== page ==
Emergency Room Visits and Treatment Episodes Attributed to Non-Medical Prescription Drug Use
Between 2004 and 2011, the number of emergency room visits for the misuse or abuse of pharmaceuticals increased by 128 percent (Drug Abuse Warning Network (DAWN) 2013). In 2011, there were 5.1 million drug-related emergency room visits, of which 1,428,145 were attributed to misuse or abuse of all pharmaceutical prescription drugs, more than those involving illicit drugs (1,252,500). Of prescription drug-related emergency room visits, 501,207 involved anti-anxiety and insomnia medications and 420,040 involved narcotic pain relievers, including 175,229 oxycodone related emergency room visits, up 220% since 2004 (DAWN 2013). Figure 5. Emergency room visits related to drug misuse or abuse, 2004-2011
Source: Substance Abuse and Mental Health Services Administration. Drug Abuse Warning Network (DAWN) 2013.
Within 11 major U.S. cities, from 2007 to 2009 the number of emergency room visits related to prescription drug abuse rose from 20 to 22 percent of all emergency room visits, while visits for illicit street drugs dropped from 36 percent to 28 percent (American Society of Anesthesiologists 2012). The highest rates for prescription drug-related emergency room visits were in Houston (33 percent) and Phoenix (27 percent) (American Society of Anesthesiologists 2012). In Los Angeles County, prescription drug overdoses are the leading cause of emergency room visits (County of Los Angeles Department of Public Health 2013). In New York City, the rate of narcotic related emergency room visits tripled between 2004 and 2010, from 55 to 143 visits per 100,000 persons (Office of the Mayor of New York City 2013). Figure 6. Numbers of treatment admissions ages 12 and older for primary drug types (excluding alcohol), 2000-2010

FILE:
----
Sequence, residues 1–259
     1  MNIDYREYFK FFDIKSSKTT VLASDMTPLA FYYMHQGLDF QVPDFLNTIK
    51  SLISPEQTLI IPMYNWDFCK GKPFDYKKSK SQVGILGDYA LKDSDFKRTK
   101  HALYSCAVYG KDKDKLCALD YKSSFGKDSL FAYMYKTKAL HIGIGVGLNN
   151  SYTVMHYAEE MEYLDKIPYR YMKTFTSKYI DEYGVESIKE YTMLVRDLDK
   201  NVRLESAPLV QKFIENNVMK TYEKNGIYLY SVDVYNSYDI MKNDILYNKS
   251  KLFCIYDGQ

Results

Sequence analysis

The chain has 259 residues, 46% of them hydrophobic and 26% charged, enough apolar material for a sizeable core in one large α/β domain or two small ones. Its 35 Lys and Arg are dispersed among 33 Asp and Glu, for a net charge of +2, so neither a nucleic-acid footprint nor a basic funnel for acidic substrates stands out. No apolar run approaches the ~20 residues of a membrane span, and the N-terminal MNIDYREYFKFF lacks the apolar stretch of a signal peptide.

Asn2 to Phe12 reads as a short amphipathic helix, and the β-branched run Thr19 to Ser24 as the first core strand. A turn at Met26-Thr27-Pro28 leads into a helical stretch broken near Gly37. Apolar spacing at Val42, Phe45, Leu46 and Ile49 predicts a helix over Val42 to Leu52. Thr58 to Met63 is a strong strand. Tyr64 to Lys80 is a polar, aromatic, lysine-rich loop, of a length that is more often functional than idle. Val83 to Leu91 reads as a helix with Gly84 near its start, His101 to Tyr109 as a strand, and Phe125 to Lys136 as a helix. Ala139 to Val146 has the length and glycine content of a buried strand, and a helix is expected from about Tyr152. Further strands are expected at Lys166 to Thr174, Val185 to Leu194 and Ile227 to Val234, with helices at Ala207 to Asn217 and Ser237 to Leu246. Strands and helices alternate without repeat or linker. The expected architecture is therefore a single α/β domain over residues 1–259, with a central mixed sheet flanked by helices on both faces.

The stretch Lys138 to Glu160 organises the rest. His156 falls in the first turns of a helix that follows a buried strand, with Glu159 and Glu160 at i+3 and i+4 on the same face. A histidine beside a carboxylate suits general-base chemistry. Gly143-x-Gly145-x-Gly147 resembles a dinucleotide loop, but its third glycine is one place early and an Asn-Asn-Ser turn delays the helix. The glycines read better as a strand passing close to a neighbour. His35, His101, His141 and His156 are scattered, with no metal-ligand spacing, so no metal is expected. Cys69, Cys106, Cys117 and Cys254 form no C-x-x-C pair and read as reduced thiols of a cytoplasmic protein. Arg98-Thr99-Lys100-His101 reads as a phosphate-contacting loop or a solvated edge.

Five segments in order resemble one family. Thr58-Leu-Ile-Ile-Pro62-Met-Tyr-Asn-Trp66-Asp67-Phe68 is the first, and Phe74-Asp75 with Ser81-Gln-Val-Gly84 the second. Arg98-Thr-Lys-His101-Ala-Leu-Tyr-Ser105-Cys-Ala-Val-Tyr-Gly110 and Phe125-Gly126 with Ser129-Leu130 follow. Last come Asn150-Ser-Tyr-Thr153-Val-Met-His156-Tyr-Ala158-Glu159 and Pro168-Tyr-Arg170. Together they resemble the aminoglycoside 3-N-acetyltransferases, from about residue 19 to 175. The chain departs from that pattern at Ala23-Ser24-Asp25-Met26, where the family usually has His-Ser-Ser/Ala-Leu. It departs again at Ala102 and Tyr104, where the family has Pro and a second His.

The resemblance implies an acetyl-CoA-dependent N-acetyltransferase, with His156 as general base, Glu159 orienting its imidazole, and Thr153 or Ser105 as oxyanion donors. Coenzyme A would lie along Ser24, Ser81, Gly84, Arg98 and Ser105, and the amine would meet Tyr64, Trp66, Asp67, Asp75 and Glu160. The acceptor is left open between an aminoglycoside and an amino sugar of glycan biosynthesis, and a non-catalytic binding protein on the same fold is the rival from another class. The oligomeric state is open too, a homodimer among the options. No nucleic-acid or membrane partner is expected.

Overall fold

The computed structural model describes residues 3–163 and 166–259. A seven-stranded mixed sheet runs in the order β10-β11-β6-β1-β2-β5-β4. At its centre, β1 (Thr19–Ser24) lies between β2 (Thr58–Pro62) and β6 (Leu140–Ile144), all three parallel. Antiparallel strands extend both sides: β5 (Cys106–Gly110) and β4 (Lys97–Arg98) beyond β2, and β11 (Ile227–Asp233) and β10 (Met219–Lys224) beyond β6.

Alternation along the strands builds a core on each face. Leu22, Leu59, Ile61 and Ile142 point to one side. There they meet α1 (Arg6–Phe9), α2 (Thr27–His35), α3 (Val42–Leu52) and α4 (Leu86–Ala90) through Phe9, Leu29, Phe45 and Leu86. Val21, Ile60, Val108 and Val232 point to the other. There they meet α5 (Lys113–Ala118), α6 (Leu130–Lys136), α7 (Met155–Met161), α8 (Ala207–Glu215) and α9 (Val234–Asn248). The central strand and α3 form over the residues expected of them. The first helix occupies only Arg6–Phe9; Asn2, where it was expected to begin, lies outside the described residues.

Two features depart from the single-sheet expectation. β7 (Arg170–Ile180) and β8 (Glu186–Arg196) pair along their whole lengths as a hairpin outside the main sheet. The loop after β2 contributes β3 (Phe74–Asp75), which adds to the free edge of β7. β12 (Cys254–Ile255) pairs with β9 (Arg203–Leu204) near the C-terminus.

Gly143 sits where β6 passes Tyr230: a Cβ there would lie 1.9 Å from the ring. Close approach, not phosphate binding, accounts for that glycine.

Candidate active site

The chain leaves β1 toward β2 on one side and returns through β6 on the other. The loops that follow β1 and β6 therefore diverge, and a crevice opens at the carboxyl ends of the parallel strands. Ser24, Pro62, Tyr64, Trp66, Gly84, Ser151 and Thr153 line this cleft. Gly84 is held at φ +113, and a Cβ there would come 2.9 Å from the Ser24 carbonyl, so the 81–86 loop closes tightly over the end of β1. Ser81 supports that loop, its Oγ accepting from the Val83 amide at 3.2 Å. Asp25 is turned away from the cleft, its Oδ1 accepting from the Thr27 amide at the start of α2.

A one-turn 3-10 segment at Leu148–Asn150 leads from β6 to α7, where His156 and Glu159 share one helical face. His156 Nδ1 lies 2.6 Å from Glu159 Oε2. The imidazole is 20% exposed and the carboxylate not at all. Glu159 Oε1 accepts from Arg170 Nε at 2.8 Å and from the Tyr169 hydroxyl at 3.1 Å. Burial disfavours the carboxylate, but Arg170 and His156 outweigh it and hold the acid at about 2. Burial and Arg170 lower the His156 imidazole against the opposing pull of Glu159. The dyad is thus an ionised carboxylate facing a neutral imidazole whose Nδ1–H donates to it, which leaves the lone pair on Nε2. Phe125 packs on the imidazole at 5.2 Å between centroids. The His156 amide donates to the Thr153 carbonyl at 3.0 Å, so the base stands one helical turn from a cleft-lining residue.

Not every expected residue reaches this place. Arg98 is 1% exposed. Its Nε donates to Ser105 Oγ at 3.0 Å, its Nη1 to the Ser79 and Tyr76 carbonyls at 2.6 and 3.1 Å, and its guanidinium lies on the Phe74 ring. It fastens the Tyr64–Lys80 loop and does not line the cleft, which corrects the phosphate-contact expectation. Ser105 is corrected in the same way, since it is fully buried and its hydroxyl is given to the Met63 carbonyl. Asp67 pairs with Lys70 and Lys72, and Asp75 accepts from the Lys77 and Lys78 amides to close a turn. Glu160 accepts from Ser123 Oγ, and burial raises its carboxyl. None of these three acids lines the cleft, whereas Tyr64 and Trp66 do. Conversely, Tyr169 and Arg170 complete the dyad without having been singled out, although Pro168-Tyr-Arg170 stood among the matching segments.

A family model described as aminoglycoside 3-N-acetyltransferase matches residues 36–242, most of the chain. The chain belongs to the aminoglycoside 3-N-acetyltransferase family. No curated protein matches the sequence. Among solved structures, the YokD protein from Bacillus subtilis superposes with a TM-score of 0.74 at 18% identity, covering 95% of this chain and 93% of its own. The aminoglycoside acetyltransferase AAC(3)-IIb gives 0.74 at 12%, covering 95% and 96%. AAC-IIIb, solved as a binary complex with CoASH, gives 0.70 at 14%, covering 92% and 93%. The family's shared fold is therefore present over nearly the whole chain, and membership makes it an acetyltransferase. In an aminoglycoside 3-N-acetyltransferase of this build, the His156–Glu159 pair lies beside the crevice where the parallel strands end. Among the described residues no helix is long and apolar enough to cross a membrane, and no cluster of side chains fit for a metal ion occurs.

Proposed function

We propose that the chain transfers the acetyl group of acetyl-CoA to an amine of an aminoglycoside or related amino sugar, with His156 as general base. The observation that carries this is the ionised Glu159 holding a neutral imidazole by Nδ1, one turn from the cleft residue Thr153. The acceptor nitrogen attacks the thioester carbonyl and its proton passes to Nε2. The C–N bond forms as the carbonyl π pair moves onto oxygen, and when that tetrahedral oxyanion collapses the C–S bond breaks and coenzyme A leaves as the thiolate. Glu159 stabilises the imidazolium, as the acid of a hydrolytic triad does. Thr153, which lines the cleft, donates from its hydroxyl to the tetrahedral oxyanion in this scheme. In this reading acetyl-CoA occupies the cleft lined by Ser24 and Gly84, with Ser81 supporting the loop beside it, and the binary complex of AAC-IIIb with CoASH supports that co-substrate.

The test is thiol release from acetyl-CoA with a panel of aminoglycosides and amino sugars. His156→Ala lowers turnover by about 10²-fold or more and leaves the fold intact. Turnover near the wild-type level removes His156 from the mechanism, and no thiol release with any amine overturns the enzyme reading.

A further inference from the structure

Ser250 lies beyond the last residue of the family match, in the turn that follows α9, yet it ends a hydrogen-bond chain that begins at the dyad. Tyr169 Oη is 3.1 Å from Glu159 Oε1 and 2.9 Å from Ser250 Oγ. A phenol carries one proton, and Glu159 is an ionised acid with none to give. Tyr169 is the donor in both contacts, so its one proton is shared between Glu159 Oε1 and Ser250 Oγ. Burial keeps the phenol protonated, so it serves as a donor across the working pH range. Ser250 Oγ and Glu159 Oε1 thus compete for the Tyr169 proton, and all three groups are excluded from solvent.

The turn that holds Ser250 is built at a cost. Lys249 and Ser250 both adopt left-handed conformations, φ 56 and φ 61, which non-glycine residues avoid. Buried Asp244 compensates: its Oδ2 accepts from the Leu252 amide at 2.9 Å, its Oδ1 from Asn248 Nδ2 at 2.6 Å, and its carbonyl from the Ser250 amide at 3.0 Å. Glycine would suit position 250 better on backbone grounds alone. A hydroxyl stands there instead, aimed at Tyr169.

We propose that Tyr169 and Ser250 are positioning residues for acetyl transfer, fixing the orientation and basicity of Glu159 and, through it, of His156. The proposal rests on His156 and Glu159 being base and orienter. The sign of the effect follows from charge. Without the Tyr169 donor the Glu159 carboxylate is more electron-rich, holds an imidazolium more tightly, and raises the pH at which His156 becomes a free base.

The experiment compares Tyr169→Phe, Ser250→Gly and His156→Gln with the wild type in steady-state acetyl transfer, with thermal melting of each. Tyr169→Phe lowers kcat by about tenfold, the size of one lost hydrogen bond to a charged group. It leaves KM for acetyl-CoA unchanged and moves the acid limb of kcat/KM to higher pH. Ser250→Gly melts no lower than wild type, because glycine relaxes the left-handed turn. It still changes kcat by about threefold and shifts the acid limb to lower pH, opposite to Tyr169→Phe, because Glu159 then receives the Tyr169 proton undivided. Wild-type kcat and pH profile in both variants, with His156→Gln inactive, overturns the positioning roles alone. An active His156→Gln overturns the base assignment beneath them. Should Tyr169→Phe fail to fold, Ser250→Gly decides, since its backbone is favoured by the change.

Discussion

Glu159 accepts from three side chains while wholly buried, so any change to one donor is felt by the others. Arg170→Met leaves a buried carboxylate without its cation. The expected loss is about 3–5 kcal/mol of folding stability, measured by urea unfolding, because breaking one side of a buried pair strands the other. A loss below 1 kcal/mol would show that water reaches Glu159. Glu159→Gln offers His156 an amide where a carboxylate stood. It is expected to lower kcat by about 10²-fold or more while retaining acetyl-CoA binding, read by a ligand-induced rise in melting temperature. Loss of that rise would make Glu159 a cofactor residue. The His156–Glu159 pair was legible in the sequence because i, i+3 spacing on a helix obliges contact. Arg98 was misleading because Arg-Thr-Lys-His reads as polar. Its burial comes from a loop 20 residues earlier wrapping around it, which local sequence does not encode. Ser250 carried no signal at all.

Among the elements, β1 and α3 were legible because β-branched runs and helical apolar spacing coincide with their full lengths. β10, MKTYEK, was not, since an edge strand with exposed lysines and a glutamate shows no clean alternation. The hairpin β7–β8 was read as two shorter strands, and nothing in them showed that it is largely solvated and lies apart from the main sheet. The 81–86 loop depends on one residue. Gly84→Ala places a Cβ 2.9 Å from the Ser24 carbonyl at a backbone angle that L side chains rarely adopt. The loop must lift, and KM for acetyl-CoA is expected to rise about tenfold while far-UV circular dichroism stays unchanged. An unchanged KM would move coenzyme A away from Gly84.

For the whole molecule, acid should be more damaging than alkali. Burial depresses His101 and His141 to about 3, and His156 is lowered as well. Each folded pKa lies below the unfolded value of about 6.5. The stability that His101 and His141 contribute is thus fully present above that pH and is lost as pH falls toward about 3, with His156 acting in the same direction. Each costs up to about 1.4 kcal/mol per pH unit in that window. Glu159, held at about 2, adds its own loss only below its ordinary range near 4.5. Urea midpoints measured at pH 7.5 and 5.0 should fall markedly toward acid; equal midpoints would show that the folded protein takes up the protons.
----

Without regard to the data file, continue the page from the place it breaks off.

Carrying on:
Source: Treatment Episode Data Set (TEDS) 2013
Admission rates for opioids other than heroin were higher in 2010 than in 2000 in all 47 states reporting in both years. From 2000 through 2010, treatment admission rates for these opioids were highest in the New England region. For each of those years, the New England rate was more than twice the rate for most other regions.
NEXT: Patterns of Non-Medical Prescription Drug Use
American Society of Anesthesiologists (ASA), Research Reveals Decline in Illicit Drug Abuse; Prescription Drug Abuse on the Rise. ASA News release. October 15, 2012.
County of Los Angeles Department of Public Health. Prescription Drug Abuse on the Rise in LA County. County of Los Angeles Public Health, Public Health news. Press Release January 14, 2013.
Drug Abuse Warning Network (DAWN) Substance Abuse and Mental Health Services Administration (SAMHSA), Center for Behavioral Health Statistics and Quality. The DAWN Report: Highlights of the 2011 Drug Abuse Warning Network (DAWN) Findings on Drug-Related Emergency Department Visits. Rockville, MD. February 22, 2013.
Office of the Mayor of New York City. Mayor Bloomberg, Deputy Mayor Gibbs and Chief Policy Advisor Feinblatt announce new emergency room guidelines to prevent opioid prescription painkiller abuse. City of New York Blue Room, Press Release PR-015-13, January 10, 2013.
Treatment Episode Data Set (TEDS). 2000-2010 National Admissions to Substance Abuse Treatment Services (SMA12-4701). Rockville, MD: Substance Abuse and Mental Health Services Administration (SAMHSA) Center for Behavioral Health Statistics and Quality, Department of Health and Human Services (DHHS). March 2013.